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Shock and Vibration
Volume 2016, Article ID 8640139, 15 pages
http://dx.doi.org/10.1155/2016/8640139
Research Article

Experiments and Electromechanical Properties of a Broadband Piezoelectric Vibration Energy Harvester

School of Information and Electronic Engineering, Zhejiang Gongshang University, No. 18, Xuezheng Street, Xiasha University Town, Hangzhou 310018, China

Received 11 March 2015; Revised 12 October 2015; Accepted 13 October 2015

Academic Editor: Nerio Tullini

Copyright © 2016 Guangqing Wang et al. This is an open access article distributed under the Creative Commons Attribution License, which permits unrestricted use, distribution, and reproduction in any medium, provided the original work is properly cited.

Abstract

A broadband piezoelectric energy harvester (BPEH), consisting of a conventional linear piezoelectric energy harvester (CPEH) and an elastic magnifier, was presented in this paper. The improved two-degree-of-freedom lumped-parameter electromechanical model of the BPEH was established and the optimal external resistances under short-circuit and open-circuit resonance conditions were investigated to maximize the output power of the BPEH. The output voltage and output power of the BPEH obtained from the theoretical model were verified and found to be in reasonable agreement with the experimental results. The obtained results have shown that the maximal output powers under short-circuit and open-circuit resonance conditions are both 24 times that generated by the CPEH without elastic magnifier. The frequency space between the two peaks of the frequency-response curve of the BPEH is 14 Hz which is 7 times that of CPEH.

1. Introduction

The power requirements of small electronic devices have reduced drastically. This has motivated research into the possibilities of powering these devices by harvesting the vibrational energy available in their environments and using it to generate electricity. The ultimate objective is to remove the requirement of an external power source or battery replacement for small electronic devices, particularly when they are used in remote locations [13]. The basic transduction mechanisms that can be used to convert ambient vibrational energy to electrical energy are piezoelectric, electrostatic, and electromagnetic transductions [46]. Among these transduction mechanisms, piezoelectric transduction has attracted immense attention because of its low cost and high power density [7], and piezoelectric transducers such as conventional piezoelectric energy harvester (CPEH) are the simplest transducers to fabricate and are well suited to small-scale systems [8, 9].

Typically, a CPEH is a cantilevered unimorph/bimorph beam with or without a tip mass. The cantilevered beam is attached to a vibrating host structure and is therefore subjected to a base excitation. Because the base excitation is always assumed to be harmonic, a well-known single-degree-of-freedom (SDOF) harmonic base excitation relationship has been widely used for modeling the dynamics [10] and parameter optimization [11]. However, an important issue in CPEH is that the maximum output power of the device is limited to a narrow bandwidth around the base resonant frequency. If the excitation frequency shifts slightly from the resonant condition, the output power is drastically decreased. To overcome this bandwidth issue of the CPEH, two innovative methods have been considered by researchers. One method is to tune the resonant frequency of the CPEH to match the ambient vibration frequency at all times [1214]. The other method is to broaden the bandwidth with various approaches, including nonlinear oscillation techniques [15, 16], a multimodal energy harvester method [17], and coupled elastic structures [18, 19]. Other methods such as optimizing the parameters of the energy harvester [20] and impedance-matching technology [21] have also been proposed to improve the output power of the CPEH.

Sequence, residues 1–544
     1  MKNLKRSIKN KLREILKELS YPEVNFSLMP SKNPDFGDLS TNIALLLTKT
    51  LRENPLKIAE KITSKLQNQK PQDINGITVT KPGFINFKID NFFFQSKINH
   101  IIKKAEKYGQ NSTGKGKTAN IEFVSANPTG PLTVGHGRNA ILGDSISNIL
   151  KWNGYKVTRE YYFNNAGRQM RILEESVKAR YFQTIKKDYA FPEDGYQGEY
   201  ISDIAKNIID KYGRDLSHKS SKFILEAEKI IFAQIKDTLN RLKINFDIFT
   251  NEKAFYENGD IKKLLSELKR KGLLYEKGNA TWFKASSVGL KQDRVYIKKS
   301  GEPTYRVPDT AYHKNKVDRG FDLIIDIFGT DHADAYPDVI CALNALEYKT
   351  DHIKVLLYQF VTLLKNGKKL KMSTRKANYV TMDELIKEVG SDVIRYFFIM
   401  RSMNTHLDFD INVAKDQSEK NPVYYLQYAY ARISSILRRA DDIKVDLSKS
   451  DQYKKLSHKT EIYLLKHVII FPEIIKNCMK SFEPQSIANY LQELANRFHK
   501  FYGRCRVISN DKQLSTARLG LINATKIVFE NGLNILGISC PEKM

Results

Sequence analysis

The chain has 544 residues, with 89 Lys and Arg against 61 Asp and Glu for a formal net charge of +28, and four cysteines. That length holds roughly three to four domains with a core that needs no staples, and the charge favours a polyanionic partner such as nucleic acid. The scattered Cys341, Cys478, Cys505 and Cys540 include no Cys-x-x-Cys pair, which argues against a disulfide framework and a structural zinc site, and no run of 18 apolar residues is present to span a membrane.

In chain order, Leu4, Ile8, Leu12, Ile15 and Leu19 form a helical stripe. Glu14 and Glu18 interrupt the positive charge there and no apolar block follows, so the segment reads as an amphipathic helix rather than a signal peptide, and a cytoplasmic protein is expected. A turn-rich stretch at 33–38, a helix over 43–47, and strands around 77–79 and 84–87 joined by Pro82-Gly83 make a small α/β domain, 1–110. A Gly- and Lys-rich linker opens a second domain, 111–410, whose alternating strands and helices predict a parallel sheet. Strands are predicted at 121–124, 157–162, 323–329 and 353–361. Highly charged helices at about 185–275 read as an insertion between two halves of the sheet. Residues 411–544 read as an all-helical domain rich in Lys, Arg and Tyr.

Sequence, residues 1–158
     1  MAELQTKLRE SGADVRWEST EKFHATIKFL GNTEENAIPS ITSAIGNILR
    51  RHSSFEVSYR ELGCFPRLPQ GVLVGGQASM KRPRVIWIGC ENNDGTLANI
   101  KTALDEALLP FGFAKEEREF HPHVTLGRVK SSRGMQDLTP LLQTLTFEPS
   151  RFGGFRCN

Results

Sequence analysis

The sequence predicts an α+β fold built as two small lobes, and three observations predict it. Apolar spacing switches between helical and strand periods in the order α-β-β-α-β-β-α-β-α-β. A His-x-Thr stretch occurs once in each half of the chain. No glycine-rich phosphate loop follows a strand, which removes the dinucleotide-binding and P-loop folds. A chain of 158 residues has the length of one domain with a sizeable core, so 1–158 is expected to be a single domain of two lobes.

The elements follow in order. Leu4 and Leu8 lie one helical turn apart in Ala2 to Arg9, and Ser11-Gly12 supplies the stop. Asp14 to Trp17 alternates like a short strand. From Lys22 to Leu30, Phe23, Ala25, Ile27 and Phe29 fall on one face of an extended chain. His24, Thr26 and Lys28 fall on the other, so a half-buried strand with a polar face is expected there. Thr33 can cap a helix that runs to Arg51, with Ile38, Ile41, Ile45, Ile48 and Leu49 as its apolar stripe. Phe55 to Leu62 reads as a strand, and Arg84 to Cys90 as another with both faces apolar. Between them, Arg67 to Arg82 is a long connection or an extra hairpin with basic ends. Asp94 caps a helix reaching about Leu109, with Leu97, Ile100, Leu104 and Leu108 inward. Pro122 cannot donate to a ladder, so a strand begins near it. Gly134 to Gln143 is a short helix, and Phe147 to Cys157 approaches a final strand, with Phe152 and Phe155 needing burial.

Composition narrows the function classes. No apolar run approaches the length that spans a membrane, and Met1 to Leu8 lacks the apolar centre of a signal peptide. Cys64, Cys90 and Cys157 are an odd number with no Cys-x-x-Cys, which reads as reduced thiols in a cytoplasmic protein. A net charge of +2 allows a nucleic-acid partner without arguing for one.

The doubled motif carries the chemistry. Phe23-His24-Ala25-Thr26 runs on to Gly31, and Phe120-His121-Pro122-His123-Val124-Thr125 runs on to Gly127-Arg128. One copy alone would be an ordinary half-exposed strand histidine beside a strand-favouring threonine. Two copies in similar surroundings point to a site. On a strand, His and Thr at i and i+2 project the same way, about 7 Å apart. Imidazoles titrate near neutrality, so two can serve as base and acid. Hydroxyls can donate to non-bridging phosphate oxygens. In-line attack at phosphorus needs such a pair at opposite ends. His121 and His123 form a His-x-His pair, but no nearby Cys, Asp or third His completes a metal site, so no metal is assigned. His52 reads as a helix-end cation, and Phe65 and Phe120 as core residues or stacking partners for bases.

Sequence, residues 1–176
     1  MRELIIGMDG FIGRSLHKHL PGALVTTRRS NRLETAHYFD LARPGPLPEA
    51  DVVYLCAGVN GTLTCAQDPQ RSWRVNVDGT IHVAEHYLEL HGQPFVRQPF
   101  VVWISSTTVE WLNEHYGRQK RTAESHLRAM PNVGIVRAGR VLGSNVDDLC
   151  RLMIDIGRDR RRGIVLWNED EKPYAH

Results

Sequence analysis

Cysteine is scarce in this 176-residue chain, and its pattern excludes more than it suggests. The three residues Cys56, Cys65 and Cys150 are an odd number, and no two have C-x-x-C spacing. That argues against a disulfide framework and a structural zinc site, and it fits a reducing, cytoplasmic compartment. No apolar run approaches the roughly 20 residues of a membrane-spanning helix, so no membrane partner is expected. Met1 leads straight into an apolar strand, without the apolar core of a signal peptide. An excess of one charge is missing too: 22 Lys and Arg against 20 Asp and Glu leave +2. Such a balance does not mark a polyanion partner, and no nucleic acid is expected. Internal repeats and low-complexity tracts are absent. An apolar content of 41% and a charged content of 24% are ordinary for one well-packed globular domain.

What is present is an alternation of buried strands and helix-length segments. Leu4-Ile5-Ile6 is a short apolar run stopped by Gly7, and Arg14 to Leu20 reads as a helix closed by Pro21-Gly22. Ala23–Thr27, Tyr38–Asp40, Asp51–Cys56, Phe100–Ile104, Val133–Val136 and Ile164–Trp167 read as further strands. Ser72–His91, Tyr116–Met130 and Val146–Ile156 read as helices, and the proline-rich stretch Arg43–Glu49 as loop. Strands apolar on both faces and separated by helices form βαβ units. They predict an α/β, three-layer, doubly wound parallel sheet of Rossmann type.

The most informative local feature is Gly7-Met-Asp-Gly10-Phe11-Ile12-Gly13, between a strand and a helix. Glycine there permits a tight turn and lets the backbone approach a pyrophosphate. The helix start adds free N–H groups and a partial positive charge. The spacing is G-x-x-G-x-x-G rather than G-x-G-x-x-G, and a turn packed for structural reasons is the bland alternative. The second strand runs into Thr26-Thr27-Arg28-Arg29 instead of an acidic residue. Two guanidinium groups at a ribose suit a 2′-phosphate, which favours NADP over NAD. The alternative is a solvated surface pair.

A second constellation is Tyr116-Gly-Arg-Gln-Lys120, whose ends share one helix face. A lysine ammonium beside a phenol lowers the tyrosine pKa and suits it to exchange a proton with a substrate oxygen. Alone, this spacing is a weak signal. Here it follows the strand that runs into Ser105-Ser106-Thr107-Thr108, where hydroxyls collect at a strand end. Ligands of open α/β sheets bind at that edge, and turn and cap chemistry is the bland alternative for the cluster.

A dynamic magnifier has been extensively integrated into CPEH to improve the output power in recent studies. Wang et al. [22] proposed an energy harvester combining a piezoelectric cantilever with a SDOF elastic magnifier to improve the output power of the CPEH. The distributed parameter model of the energy harvester was developed based on Hamilton’s principle and Rayleigh-Ritz method. But the validity of the developed mathematical model should be verified by some experiments. Ma et al. [23] incorporated a dynamic magnifier, which works through the interaction of coupled elastic structures, into a CPEH to amplify the output power, and a two-degree-of-freedom (TDOF) lumped parameter model was derived. However, the developed mathematical model does not take into account in detail the electromechanical coupling between the mechanical and electrical fields and does not consider the effect of the design parameters of the dynamic magnifier or the external resistance on the output power of the energy harvester. Li et al. [24] investigated a miniature electric generator consisting of piezoelectric benders and elastic magnifier and derived the lumped parameter analytical model. The developed model, however, ignores the effect of the dynamic mode shape and the strain distribution of the CPEH and the electrical loads on the output power. Aldraihem and Baz [25] established the electromechanical coupling model of piezorods with a dynamic magnifier and studied the effect of the design parameters of the dynamic magnifier on the output power. Arafa et al. [26] implemented experiments to demonstrate the feasibility of a CPEH with a dynamic magnifier. Tang and Zuo [27] established a TDOF lumped parameter model to investigate the optimal output power of CPEH with a dynamic magnifier. These researches mainly focused on the maximum output power that could be achieved by ignoring the damping of the dynamic magnifier. Moreover, the TDOF lumped parameter models also ignored the strain distribution and the dynamic mode shape of the CPEH, which is critical to affect the electromechanical properties.